• Unit 4: Data Visualization

Visualization is essential for story-telling with data and communicating the results of your analysis. Graphs help us efficiently assess prominent features in the data (trends, variability), irregularities (changepoints, outliers), and relationships between variables and compare those across different samples. R has powerful tools for creating scientific graphs. Commonly used tools belong to two groups: built-in R functions (base-R) and functions from the package ggplot2 following a bit different grammar of graphics. This unit introduces the syntax for both these approaches and how to export a publication-quality graph from R.

Completing this unit should take you approximately 3 hours.

• 4.1: Base-R and ggplot2 Graphics

There are two main plotting systems in R, the base plotting system (referred to as "base-R graphics" in this course) and the ggplot2 package. Sometimes, the lattice package is counted as the third system, but this package is outside the scope of this course. Both base-R and ggplot2 have their advantages and disadvantages. Generally, you can produce the same plot with any of the systems, but the syntax will be very different. This section aims to introduce both plotting systems so you can navigate their code comfortably. This introduction may be lengthy, but it helps us study specific plot types in the next sections and create the plots quickly in both base R and ggplot2.

• 4.2: Creating Histograms

We use histograms to identify the general position and shape of the distribution, including its center, scale, outliers, and possible multimodality (presence of clusters in the data). This section introduces the base-R and ggplot2 syntax for creating and decorating histograms. An important difference to remember here is that the base-R function hist employs a sensible default method to calculate the number of bins or breaks in the histogram (based on the Sturges formula, which is most suitable for normal-like distributions), while ggplot2 uses 30 bins by default. See the respective help files by running ?hist and ?geom_histogram.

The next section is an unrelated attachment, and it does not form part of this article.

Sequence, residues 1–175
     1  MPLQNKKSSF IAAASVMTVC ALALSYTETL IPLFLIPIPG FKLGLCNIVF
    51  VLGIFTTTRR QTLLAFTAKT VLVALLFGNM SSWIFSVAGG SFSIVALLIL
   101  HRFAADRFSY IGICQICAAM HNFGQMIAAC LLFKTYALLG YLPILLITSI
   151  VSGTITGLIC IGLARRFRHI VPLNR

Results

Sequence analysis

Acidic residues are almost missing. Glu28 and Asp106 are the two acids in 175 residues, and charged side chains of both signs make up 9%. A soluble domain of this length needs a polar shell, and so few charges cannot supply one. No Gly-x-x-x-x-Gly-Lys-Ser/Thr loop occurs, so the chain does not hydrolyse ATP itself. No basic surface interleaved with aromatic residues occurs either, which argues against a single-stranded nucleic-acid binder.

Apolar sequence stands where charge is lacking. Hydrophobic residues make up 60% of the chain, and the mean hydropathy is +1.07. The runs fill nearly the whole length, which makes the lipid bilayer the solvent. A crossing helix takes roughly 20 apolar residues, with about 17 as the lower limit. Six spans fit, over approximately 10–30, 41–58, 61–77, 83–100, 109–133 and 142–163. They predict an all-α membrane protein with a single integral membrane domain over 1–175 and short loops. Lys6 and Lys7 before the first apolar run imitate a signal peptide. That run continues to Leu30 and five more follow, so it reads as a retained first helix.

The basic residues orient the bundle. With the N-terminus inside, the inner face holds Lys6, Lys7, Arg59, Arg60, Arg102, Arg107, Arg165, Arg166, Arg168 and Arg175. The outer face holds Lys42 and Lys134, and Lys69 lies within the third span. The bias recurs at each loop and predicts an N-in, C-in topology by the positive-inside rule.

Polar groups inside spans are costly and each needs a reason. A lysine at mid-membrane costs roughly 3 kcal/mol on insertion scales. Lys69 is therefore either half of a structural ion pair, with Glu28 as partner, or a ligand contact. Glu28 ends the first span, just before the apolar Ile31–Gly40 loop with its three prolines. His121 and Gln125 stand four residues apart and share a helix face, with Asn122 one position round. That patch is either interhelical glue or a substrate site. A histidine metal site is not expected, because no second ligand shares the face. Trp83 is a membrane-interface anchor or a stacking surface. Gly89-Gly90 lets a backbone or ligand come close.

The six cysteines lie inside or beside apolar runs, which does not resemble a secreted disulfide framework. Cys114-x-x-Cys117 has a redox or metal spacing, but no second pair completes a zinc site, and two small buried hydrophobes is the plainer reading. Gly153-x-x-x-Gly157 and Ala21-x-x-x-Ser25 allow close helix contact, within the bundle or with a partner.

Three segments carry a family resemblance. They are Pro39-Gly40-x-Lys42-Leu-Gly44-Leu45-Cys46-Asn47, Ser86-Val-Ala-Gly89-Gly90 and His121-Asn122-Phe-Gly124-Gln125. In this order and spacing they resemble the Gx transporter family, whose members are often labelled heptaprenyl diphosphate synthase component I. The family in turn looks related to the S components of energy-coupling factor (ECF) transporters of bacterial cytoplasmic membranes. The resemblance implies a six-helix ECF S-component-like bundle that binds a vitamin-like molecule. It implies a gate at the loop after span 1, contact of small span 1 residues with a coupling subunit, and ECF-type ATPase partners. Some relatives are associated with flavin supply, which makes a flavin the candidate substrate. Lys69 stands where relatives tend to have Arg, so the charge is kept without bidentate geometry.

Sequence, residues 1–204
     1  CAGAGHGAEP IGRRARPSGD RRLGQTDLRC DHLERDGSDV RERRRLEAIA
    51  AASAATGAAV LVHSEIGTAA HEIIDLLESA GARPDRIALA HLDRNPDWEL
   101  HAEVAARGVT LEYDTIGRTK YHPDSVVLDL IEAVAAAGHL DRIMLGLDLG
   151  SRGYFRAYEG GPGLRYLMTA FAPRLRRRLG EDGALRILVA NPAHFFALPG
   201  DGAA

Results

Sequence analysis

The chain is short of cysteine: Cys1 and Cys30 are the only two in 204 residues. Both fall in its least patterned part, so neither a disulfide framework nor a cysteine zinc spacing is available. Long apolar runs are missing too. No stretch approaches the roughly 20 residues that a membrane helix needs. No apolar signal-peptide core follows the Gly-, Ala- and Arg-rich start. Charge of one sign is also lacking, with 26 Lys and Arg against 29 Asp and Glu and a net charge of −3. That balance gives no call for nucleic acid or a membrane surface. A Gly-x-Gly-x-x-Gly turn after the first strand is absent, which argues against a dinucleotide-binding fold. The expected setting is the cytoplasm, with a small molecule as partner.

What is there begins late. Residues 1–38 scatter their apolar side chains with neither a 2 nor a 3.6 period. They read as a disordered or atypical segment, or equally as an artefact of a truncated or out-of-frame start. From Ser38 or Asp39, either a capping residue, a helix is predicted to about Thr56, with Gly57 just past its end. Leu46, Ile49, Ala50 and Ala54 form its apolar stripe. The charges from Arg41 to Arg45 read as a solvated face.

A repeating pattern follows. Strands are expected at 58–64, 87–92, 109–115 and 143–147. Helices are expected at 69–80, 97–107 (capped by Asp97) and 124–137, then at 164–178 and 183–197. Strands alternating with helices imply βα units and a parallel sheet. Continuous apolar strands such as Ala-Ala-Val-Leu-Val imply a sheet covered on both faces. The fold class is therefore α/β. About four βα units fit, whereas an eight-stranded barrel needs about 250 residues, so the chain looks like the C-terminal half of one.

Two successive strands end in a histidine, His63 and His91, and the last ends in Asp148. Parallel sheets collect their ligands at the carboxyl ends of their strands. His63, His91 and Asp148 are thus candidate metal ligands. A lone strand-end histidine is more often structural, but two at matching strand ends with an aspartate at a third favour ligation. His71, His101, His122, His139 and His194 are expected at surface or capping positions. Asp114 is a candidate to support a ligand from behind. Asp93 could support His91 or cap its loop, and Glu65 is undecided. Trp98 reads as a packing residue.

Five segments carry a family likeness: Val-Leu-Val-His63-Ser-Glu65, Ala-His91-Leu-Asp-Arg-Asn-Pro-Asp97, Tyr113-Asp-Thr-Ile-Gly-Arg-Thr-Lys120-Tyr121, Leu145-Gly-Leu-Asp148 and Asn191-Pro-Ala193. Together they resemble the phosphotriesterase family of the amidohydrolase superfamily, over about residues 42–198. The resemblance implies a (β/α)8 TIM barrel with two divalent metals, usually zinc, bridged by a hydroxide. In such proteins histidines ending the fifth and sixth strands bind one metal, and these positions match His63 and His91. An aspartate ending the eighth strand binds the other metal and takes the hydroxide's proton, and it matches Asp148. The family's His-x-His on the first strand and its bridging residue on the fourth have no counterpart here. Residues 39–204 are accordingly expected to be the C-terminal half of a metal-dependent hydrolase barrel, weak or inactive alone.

• 4.3: Creating Scatterplots

Scatterplots are commonly used to study relationships between variables that are measured on the horizontal (x) and vertical (y) axes. One can see the strength, direction, and shape of the relationships from a scatterplot and clusters and outliers in the data. Adding features to the plot improves story-telling capabilities. For example, you can color the points using some third variable. This section shows an implementation of these features in R.

• 4.4: Creating Boxplots

You can think about boxplots as scatterplots where one of the variables is a categorical variable, but boxplots are also more than that. Boxplots combine statistical summaries like the quartiles, show the interquartile range (IQR), and tell us about the distribution skewness and outliers. Boxplots provide a more focused view of the data distribution than histograms. This section first explains the statistics represented in a boxplot, then how to create boxplots of different types in R.

• 4.5: Creating Time Series Plots

A time series is a type of variable in which observations are ordered in time. To show this order in a plot, we usually use lines or lines and points rather than just points. Time series plots may show us the general tendency in the data, such as changes in the mean, variance, and periodic patterns. These plots can also be used to detect changepoints and outliers visually.